The sheer versatility of the Citroen guarantees its comfort under just about every known condition. Yet in everyday terms there’s not much to pick between it and the 504.

There’s plenty of division between all three, though, when it comes to interior comfort. The Volvo is well equipped and has excellent seats with adjustable lumbar support and headrests. It is also nicely trimmed, although the soundproofing attempts have been unsuccessful, for the cabin is unpleasantly noisy above 7Omph. There’s more of the saloon than dual purpose vehicle about the interior of the Volvo, so in a sense its versatility is slightly restricted by the high quality of the trim.

The same cannot be said for the Peugeot. It’s nicely finished, but has rubber mats on the floors and no pretensions at all. Essentially practical, the 504 nevertheless has very good seats with headrests built-in.

Nor is the Citroen lacking in this respect. Its seats look more simple than the others but this does not detract from their comfort; they harmonise perfectly with the suspension behaviour. The Safari has carpeted floors but it is not as elaborate as the Volvo.

None of the three are quiet. The Volvo is the least pleasant because it is harsh at speed, whereas the Citroen combines wind noise with some engine roar. The Peugeot booms at times and manufactures wind noise around the external rear view mirrors.

Accommodation is specially interesting. The Peugeot shows its hand straight away by having three rows of seats for seven people. The Safari’s sixth and seventh passengers have side-facing jump seats in the back (2) and they really are better for children than for adults. The Volvo solution is a small rear-facing bench on which two adults can perch quite comfortably. But the shortcoming that manifests itself in both the Volvo and the Safari is that with seven aboard there is no space for luggage. When the 504 has all seats taken, there is still substantial baggage room in the tail. Against this, rear seat legroom is not particularly generous, but the solution is more realistic than that found by either Citroen or Volvo. The sacrifice that Peugeot have had to make is that only the aft most seat folds down, so it cannot match the other two when it comes to taking long loads.

The Peugeot has the best solution for accommodation, comfort and ride. Not far behind it comes the Safari, with the 145 dragging again because its poor suspension lets down the obvious quality and comfort of the interior.

So important has the UK market become for Peugeot that they have made concessions to British tastes. For instance, all 504s have floor gearchanges whereas most of the French versions have it on the steering column. In the case of the estate it is a direct-acting lever that curls out of the transmission hump. Maybe not as gracious as a remote control linkage, but beautifully positive and dead accurate. One of our previous moans about the 504 was the placement of the handbrake in an out-of-the-way place under the dash; now it’s between the seats. The dashboard is a tizzy affair, but it tells enough information to be useful. For some reason the horn actuator has been transferred from the steering wheel to the winker stalk, and the heater controls are too complicated.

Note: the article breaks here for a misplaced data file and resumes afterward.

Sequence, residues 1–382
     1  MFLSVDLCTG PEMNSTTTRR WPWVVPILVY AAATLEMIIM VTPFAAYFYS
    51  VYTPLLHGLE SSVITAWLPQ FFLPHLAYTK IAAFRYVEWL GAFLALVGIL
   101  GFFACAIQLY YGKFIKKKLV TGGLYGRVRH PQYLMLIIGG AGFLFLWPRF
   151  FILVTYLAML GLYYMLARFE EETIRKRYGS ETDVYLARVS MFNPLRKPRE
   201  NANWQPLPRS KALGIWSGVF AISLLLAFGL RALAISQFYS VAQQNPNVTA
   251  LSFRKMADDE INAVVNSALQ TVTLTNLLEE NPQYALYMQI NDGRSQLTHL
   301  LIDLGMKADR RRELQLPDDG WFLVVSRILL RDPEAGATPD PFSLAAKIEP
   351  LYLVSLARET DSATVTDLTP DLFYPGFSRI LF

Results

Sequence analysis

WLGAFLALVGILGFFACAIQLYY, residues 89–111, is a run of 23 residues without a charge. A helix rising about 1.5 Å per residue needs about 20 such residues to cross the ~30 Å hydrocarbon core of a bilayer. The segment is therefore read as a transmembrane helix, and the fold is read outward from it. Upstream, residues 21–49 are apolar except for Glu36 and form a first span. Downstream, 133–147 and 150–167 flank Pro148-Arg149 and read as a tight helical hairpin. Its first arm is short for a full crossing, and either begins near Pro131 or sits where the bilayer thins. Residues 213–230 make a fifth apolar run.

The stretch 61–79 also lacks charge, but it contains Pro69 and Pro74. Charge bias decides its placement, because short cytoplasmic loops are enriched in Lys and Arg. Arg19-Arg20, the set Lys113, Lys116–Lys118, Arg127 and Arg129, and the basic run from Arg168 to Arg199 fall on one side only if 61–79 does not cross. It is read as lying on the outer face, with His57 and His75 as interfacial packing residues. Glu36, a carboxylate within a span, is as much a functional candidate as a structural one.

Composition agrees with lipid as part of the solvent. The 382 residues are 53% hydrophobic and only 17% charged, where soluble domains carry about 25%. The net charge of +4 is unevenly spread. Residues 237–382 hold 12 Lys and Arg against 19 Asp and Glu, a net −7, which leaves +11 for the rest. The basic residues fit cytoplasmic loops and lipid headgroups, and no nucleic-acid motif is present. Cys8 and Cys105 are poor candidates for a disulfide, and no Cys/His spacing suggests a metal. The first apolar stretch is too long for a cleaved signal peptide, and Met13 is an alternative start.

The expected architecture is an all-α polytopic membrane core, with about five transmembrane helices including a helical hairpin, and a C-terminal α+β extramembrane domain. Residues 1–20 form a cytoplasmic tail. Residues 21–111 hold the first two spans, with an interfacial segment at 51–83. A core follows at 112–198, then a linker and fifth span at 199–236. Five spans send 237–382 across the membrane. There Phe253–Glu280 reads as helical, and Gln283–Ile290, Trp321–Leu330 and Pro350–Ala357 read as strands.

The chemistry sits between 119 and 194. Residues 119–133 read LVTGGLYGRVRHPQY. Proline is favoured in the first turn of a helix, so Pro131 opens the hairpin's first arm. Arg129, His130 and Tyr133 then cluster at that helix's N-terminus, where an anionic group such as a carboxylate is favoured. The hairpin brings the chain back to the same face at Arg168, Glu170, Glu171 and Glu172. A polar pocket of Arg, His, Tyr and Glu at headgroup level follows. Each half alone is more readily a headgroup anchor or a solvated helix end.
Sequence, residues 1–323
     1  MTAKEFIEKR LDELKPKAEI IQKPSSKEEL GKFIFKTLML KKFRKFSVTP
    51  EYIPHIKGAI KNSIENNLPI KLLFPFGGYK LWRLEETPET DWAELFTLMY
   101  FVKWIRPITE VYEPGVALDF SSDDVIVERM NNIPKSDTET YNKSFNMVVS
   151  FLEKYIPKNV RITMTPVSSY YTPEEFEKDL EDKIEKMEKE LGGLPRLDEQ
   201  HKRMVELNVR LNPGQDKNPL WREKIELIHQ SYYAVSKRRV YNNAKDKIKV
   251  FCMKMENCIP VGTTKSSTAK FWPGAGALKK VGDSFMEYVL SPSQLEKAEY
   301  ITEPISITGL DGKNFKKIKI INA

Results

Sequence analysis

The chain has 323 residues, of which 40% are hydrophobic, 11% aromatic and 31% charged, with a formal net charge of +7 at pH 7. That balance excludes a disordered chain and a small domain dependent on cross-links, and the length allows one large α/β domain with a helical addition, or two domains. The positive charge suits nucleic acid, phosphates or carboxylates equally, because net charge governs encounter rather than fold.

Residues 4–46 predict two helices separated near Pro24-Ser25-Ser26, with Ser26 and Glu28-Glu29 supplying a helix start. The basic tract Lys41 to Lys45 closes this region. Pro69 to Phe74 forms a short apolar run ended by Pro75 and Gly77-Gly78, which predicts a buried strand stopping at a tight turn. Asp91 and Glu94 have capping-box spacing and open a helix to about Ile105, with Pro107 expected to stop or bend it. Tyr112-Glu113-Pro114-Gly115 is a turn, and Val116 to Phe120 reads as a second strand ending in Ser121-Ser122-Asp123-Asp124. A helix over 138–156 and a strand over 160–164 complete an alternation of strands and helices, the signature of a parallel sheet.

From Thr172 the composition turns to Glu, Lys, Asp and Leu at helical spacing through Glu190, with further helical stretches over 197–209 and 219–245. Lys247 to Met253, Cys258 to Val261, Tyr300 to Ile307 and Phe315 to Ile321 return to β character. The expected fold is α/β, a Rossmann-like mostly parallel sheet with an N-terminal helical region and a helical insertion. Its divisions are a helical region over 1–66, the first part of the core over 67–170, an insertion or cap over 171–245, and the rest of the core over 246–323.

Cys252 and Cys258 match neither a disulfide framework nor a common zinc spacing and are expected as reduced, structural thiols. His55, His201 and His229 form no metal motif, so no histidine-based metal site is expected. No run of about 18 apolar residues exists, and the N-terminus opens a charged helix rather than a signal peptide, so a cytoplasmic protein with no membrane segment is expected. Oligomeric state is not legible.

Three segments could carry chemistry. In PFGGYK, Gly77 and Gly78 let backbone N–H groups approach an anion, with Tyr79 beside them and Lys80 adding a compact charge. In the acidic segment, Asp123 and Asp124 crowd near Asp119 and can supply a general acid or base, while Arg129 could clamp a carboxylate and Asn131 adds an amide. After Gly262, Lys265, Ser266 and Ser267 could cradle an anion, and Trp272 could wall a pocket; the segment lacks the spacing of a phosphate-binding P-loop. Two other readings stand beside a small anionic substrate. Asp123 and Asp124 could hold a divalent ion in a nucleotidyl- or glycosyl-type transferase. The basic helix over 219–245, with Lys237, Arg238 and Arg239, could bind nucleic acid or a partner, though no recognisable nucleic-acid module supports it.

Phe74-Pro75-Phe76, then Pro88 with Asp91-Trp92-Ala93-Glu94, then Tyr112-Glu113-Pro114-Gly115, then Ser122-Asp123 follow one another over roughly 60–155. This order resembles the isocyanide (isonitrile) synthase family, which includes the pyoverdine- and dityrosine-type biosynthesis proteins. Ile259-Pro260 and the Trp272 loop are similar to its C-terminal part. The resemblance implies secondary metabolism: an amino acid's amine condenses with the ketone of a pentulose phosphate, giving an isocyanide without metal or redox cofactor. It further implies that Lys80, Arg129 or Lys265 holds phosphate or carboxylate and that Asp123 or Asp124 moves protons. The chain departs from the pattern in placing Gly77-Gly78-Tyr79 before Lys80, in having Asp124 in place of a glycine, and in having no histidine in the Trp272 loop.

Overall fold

Many of the major objections to the interior of previous Volvos have been overcome in the 1973 version. The fascia has been completely redesigned and incorporates four fresh-air outlets in place of the virtually non-existent ventilation of the last model. Although the steering wheel still fouls the legs of tall drivers, the general layout of the minor controls and instruments is good with the correct priorities. The handbrake, beside the driver’s seat, is powerful and easy to work, but the gearchange is cumbersome and heavy.

Citroen have kept their independence by doggedly sticking to a steering column gearchange, which works very well and is certainly the most convenient_method of keeping in touch with the transmission mounted in front of the engine. Less satisfactory is the handbrake which is located under the dashboard and is virtually impossible to reach when wearing a safety belt. A tachometer is included on the fascia, along with the speedo and fuel contents gauge. There is an ennunciator panel (complete with a check switch) that covers other malfunctions, including low hydraulic pressure, oil pressure, engine temperature and such. It is, in fact, a very efficient method of instrumentation for the brilliance of the warning display is compelling.

Well, the most obvious conclusion is that the Volvo, while attractive in some respects, does not live up to its reputation in others. Very much in its favour is that it is well made, and is seen to be well made. What's more, it is known to be highly resistant to corrosion which ultimately enhances its resale value. And as far as safety goes it is quite special. It has built-in side impact protection, very safe interior and a new steering wheel which is heavily padded and looks as though it is readily convertible to accept an airbag and the explosive charge that goes with it.

Less virtuous are its poor ride qualities, heavy handling at low speeds and the general clumsiness on corners. Its roadability is out of date in other words, just as its engine is antiquated in its performance, and too noisy as well. Visually the 145 has some appeal and it will certainly carry a lot of people, or a lot of anything you like, come to that. It is the only one of the trio that has proper facilities to keep the rear window clean but it almost seems that the equipment and the interior have been designed to take the mind off the other deficiencies of the car.